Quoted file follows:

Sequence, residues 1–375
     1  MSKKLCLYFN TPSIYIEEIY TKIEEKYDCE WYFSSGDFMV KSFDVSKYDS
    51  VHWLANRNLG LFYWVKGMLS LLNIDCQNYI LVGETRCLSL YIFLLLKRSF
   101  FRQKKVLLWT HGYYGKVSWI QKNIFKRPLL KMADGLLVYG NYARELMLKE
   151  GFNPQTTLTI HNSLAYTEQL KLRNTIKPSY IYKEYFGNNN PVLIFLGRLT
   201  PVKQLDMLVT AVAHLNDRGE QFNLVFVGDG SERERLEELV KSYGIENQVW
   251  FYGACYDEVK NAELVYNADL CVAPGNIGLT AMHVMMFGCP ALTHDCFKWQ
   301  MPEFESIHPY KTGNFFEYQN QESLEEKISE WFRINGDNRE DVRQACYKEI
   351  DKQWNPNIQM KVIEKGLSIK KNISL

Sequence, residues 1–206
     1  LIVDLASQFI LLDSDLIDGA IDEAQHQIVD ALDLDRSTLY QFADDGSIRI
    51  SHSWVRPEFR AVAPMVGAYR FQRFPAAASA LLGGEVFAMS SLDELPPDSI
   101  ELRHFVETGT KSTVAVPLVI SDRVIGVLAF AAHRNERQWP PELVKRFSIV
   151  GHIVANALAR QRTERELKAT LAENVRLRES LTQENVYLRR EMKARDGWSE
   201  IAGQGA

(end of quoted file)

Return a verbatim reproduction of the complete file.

Sequence, residues 1–375
     1  MSKKLCLYFN TPSIYIEEIY TKIEEKYDCE WYFSSGDFMV KSFDVSKYDS
    51  VHWLANRNLG LFYWVKGMLS LLNIDCQNYI LVGETRCLSL YIFLLLKRSF
   101  FRQKKVLLWT HGYYGKVSWI QKNIFKRPLL KMADGLLVYG NYARELMLKE
   151  GFNPQTTLTI HNSLAYTEQL KLRNTIKPSY IYKEYFGNNN PVLIFLGRLT
   201  PVKQLDMLVT AVAHLNDRGE QFNLVFVGDG SERERLEELV KSYGIENQVW
   251  FYGACYDEVK NAELVYNADL CVAPGNIGLT AMHVMMFGCP ALTHDCFKWQ
   301  MPEFESIHPY KTGNFFEYQN QESLEEKISE WFRINGDNRE DVRQACYKEI
   351  DKQWNPNIQM KVIEKGLSIK KNISL

Sequence, residues 1–206
     1  LIVDLASQFI LLDSDLIDGA IDEAQHQIVD ALDLDRSTLY QFADDGSIRI
    51  SHSWVRPEFR AVAPMVGAYR FQRFPAAASA LLGGEVFAMS SLDELPPDSI
   101  ELRHFVETGT KSTVAVPLVI SDRVIGVLAF AAHRNERQWP PELVKRFSIV
   151  GHIVANALAR QRTERELKAT LAENVRLRES LTQENVYLRR EMKARDGWSE
   201  IAGQGA